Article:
Latest Staff Picks

Ari Folman and David Polonsky's reworking of The Diary of a Young Girl is an exemplary case of adaptation done well. Polonsky's art is as expressive as it is meticulous; meanwhile Folman always knows when it's appropriate to break up and interpret Frank's writing and when to leave long passages intact, preserving their import and depth. Like its indispensable source material, this is a work to be studied and cherished in equal measure.

Picked by Theo

Confessions is a book that deserves not to have a single plot point given away, so I'll just restate the blurb on the cover: If Albert Camus had written the movie "Heathers", you'd have Kanae Minato's Confessions. It's smart, it's intense, and it's got twists even the more astute reader of thrillers couldn't predict. Every time I thought I had the plot all figured out, another twist would leave my jaw on the floor and my brain screaming in white noise. So settle down and get ready for a twisted suspense thriller that might just give you narrative whiplash (in the best way).

Picked by Halley

I started this novel without any expectations and was well-rewarded. Frankie Burke has just taken a research position at a primate facility. She is studying the mating habits of bonobo monkeys and at the same time she is recovering from surgery to treat her endometriosis. Frankie is focused on her new position and living a life without pain, but in the background there are hints of hints of a looming environmental catastrophe. Soon a dust storm causes the evacuation of the surrounding countryside and Frankie and her human co-workers must do what they can to ensure the survival of the primates in their care. This is a compelling and emotionally stirring tale that stuck with me for days after closing the last page.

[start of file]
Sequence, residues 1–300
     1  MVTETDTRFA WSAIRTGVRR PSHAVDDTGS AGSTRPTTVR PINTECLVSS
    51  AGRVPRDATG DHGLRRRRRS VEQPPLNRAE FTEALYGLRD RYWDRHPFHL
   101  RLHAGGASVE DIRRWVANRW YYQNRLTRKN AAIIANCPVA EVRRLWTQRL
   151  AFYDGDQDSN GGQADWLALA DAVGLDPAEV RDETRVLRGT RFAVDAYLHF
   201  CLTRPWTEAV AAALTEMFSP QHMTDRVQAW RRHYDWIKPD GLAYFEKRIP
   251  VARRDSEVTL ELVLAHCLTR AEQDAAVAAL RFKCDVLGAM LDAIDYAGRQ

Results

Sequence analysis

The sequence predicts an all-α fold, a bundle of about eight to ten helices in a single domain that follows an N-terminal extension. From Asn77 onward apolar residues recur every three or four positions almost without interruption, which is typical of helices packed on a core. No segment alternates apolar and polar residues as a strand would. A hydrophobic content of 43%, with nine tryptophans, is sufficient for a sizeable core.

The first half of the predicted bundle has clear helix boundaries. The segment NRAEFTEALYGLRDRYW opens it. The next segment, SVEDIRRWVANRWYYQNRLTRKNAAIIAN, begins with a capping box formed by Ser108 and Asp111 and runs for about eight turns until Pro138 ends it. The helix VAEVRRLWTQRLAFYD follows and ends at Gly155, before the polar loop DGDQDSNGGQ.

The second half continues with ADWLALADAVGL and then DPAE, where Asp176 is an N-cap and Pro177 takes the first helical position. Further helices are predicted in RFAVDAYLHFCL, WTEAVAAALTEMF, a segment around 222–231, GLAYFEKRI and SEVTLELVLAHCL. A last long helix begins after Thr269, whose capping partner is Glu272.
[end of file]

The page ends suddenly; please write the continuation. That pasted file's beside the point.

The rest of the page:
Picked by Mark B.

It's a genderfluid take on the Oedipus tale, so you know it's going to be dark and twisted. I was hooked from page one by the gorgeous language and deft layering of metaphor and time Johnson uses to modernize and deepen this ancient tale. Past and present flow side by side, people are not who they seem, and every sentence gleams with an iridescent sheen. This book is well worth your time.

Picked by Dana

I know you need something super gay, magical, and dramatic to start your new year off appropriately. The Last Sun is a tarot-inspired (yes!) noir-fantasy mashup starring a moody fallen prince and his foul-mouthed bodyguard that you will love. Rune and Brand eke out an uneasy existence as mercenaries and criminal dogsbodies, but when they're hired to find a nobleman's missing heir they're plunged into deeper waters than ever before. In New Atlantis, the island kingdom built from a patchwork of scenery borrowed from the human world, the dead rise again, the courts go to war, and Rune must confront the bloody night that destroyed his family.

Picked by Christina

Talking to your younger self is an interesting thought exercise; thankfully, Carole Maurel transforms it into Art. Get lost in the story, stay for the artwork, and wake to the end.

Picked by Alex

Part adventure story, part paean to the ocean, and all Norwegian: Shark Drunk is the Sven and Ole joke you've never heard, with a bit more science, and maybe not a little funny.

Picked by Alex

What is empathy, exactly? Is it the cure for all our social ills? Is it a skill to be acquired or something inherent in us all? Cris Beam addresses all this and more in her brilliant investigation into, and interrogation of, empathy. She approaches the topic with skepticism and curiosity, beginning with the more cynical use of empathy to describe how data mining allows companies to make us feel they empathize with us as they offer us things they think we want. She goes on to visit a courthouse experimenting with justice based on restitution vs. retribution here in the U.S., looks closely at the scientific research on mirror neurons, and interviews students in South Africa about the Truth and Reconciliation Commission. And she shares stories from her personal life that relate beautifully to the material. I learned a lot from this book, but it also touched me deeply. Take a chance.

Picked by Dana

I love this fascinating, totally mind-blowing book on the science and culture of pregnancy. Like A Mother's blend of essay, memoir, and reportage shows Seattle writer Angela Garbes' chops as a journalist as she interrogates cultural myths and picks apart the massive systemic issues that arise from treating pregnancy like an illness instead of "a superhuman power." Chapters range from placentas (my pick for #1 most underrated organ), breastmilk, miscarriages, and how to best care for pregnant addicts, to the violent, racist history of gynecology. Garbes' tone of curious wonder and emotional connection to her material will resonate with any reader - you don't need to have a uterus to get swept up in her enthusiasm.

Picked by Christina